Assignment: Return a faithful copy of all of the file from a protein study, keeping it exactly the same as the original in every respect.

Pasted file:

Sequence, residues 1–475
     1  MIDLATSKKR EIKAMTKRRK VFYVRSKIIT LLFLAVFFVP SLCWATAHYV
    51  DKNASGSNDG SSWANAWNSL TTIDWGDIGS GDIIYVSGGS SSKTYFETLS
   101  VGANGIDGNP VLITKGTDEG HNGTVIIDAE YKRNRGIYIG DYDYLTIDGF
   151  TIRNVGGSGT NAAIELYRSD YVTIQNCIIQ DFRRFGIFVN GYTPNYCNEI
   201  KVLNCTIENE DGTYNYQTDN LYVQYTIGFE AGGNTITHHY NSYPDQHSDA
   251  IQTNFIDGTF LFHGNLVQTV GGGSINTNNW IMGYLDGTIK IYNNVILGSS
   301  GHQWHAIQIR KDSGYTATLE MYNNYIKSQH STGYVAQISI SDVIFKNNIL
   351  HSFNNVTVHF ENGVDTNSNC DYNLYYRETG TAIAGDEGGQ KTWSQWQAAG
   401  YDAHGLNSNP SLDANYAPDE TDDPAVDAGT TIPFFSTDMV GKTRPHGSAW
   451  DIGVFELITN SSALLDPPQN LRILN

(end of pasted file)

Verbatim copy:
Sequence, residues 1–475
     1  MIDLATSKKR EIKAMTKRRK VFYVRSKIIT LLFLAVFFVP SLCWATAHYV
    51  DKNASGSNDG SSWANAWNSL TTIDWGDIGS GDIIYVSGGS SSKTYFETLS
   101  VGANGIDGNP VLITKGTDEG HNGTVIIDAE YKRNRGIYIG DYDYLTIDGF
   151  TIRNVGGSGT NAAIELYRSD YVTIQNCIIQ DFRRFGIFVN GYTPNYCNEI
   201  KVLNCTIENE DGTYNYQTDN LYVQYTIGFE AGGNTITHHY NSYPDQHSDA
   251  IQTNFIDGTF LFHGNLVQTV GGGSINTNNW IMGYLDGTIK IYNNVILGSS
   301  GHQWHAIQIR KDSGYTATLE MYNNYIKSQH STGYVAQISI SDVIFKNNIL
   351  HSFNNVTVHF ENGVDTNSNC DYNLYYRETG TAIAGDEGGQ KTWSQWQAAG
   401  YDAHGLNSNP SLDANYAPDE TDDPAVDAGT TIPFFSTDMV GKTRPHGSAW
   451  DIGVFELITN SSALLDPPQN LRILN